In the case of a young child there are lacking some aids which commonly are available in the case of a mature person, such as actual earnings, present and past, and demonstrated ability and disposition to save, indicating to some extent probabilities for the future. Jackiewicz v. United Illuminating Co., 106 Conn. 310, 312, 138 A. 151. "To attempt to determine what is the economic value of a life that is ended so shortly after it has begun opens at best an almost illimitable field for the exercise of judgment, and the conclusion of the twelve individual minds which combine to make the verdict, fortified as here by the refusal of the trial judge to interfere, is not easily to be set aside." Gorham v. Cohen, supra, p. 571; Wolfe v. Rehbein, 123 Conn. 110, 114, 193 A. 608.
The value of comparison with the amounts of verdicts in other cases, in considering whether a verdict is excessive, is impaired not only by ever-present lack of complete identity of facts and circumstances, as is illustrated by the reference already made to Shiembob v. Ringling, supra, but also by changes in economic considerations. In 1925, in Monczport v. Csongradi, 102 Conn. 448, 453, 129 A. 41, it was taken into consideration that, since 1911, when a similar cause of action there cited for comparison was decided, "the value of a dollar as a unit of compensation in unliquidated damages" had substantially decreased. That such a decrease had also preceded that period was accorded apparent legislative recognition in that in 1911 the maximum recovery for injuries resulting in death which, under the statute, had theretofore been fixed at $5000 was increased to $10,000. Public Acts, 1911, Chap. 242, 1; Ratushny v. Punch, 106 Conn. 329, 333, 138 A. 220. Like cognizance of a continuance of that tendency has recently been accorded similarly in that the same statute, now 5987 of the General Statutes, 1930, since the present cause of action arose has been so amended as to increase the maximum recovery from $10,000 to $15,000. General Statutes, 1937 Supplement, 852d.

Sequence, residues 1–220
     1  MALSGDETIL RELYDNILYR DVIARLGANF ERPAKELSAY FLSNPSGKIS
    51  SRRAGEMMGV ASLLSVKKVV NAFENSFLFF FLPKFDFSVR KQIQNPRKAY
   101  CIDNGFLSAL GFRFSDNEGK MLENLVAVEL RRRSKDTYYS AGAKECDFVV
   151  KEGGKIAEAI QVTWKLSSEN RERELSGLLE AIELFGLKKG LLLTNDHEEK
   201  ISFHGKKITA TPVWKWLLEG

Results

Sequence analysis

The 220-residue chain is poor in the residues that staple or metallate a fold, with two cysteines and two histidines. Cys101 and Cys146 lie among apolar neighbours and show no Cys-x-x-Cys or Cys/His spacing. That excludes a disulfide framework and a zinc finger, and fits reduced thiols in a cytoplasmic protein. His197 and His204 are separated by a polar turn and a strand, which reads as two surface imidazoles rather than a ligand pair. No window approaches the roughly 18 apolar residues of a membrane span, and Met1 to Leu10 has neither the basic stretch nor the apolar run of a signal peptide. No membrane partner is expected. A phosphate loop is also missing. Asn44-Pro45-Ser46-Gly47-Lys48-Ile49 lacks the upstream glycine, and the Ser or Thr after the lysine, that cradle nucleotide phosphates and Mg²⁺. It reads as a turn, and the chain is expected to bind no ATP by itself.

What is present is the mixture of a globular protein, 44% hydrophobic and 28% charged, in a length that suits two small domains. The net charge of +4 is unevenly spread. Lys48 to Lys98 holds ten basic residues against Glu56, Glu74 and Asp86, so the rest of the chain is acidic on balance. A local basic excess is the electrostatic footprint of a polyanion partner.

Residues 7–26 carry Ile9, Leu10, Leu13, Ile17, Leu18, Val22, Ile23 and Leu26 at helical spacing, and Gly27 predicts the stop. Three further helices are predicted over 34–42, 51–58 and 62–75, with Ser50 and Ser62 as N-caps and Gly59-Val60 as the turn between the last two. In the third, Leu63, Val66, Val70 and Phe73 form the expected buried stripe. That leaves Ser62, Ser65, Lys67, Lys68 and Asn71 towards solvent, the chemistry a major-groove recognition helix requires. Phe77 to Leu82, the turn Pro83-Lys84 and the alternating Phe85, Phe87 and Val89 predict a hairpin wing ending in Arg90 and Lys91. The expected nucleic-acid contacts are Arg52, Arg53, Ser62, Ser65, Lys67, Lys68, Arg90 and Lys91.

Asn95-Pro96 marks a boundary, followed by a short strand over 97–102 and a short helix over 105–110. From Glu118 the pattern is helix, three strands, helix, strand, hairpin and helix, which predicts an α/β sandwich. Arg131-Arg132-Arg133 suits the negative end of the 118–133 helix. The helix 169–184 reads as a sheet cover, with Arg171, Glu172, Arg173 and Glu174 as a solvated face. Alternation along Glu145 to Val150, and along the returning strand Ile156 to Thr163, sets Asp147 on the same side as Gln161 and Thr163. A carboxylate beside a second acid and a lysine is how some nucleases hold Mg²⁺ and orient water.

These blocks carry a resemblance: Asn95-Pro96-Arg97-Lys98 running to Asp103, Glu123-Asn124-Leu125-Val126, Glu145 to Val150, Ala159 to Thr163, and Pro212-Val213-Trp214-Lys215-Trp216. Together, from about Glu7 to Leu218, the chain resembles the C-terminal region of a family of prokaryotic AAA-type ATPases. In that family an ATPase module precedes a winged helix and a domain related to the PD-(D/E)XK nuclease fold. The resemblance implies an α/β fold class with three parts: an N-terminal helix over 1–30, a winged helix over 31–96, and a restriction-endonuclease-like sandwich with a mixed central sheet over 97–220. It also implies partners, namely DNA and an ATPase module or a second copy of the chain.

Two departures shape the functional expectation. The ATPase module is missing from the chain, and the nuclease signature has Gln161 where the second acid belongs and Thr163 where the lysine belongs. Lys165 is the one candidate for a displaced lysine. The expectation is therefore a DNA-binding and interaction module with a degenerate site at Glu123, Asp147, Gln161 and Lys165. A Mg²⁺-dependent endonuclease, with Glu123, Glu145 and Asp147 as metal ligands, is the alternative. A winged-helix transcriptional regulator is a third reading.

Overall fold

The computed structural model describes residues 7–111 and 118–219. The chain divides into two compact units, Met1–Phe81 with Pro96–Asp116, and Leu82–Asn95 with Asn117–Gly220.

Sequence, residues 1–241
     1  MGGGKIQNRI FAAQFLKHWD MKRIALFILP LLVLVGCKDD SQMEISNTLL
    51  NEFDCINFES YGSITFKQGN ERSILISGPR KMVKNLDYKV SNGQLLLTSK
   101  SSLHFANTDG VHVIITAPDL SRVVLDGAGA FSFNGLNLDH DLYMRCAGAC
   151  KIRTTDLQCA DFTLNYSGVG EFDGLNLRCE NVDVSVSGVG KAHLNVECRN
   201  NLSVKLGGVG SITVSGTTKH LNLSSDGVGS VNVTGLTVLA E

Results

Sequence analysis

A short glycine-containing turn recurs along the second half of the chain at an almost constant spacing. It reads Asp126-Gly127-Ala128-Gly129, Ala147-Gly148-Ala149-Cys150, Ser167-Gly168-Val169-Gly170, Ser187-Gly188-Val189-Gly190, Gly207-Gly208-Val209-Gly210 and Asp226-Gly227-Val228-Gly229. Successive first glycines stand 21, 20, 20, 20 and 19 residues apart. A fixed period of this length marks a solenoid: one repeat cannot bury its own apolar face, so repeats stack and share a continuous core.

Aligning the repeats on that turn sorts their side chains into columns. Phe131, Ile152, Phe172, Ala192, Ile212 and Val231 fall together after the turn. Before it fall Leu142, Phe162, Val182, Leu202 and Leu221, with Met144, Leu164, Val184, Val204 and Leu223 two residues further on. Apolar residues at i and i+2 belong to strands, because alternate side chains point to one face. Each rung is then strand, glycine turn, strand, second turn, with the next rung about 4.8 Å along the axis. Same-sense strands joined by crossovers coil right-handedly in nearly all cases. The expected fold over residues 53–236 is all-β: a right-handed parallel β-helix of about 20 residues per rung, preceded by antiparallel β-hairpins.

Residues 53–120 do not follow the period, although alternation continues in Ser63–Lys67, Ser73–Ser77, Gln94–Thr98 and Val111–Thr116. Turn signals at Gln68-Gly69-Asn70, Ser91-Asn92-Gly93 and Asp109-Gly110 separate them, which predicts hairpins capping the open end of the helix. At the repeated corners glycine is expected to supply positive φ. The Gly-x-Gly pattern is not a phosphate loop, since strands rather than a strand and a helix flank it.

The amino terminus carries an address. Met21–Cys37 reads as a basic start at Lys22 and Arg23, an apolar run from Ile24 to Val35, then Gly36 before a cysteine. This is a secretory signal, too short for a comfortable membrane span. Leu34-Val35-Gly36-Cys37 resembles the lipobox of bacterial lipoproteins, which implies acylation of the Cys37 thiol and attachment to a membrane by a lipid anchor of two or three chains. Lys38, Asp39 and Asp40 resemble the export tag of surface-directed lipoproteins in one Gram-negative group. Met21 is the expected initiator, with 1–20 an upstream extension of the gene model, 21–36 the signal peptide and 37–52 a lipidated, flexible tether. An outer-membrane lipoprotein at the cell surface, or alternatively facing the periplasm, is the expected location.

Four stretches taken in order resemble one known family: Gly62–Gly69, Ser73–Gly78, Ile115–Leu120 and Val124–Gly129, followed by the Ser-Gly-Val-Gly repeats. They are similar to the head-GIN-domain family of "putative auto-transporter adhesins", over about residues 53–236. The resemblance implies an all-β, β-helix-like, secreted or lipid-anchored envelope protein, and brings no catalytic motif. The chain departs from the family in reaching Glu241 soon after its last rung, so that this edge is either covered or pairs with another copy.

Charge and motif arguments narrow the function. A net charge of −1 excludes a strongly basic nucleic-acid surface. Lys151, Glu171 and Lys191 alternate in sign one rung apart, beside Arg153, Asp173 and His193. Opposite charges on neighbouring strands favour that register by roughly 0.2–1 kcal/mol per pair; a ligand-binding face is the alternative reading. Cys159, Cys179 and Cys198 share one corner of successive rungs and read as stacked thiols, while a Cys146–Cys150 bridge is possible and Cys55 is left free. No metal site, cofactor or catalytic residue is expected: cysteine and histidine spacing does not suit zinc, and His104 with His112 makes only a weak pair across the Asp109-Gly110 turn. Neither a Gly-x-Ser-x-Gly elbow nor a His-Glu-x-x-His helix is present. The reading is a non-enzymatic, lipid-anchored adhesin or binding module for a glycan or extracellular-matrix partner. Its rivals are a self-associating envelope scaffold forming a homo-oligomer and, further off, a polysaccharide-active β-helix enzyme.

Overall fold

If we could fairly conclude that the verdict is so excessive as to afford plain indication that it was influenced by improper considerations it would be our duty to set it aside, notwithstanding the trial court's refusal to do so, but while the picture presented by the evidence was one to arouse the sympathy of any person contemplating it, we cannot find warrant for a conclusion, differing from that of the trial court with all the advantages of personal observation of relevant circumstances, that the amount of the award was so affected by inadmissible incentives as to require or justify intervention by us as an appellate court.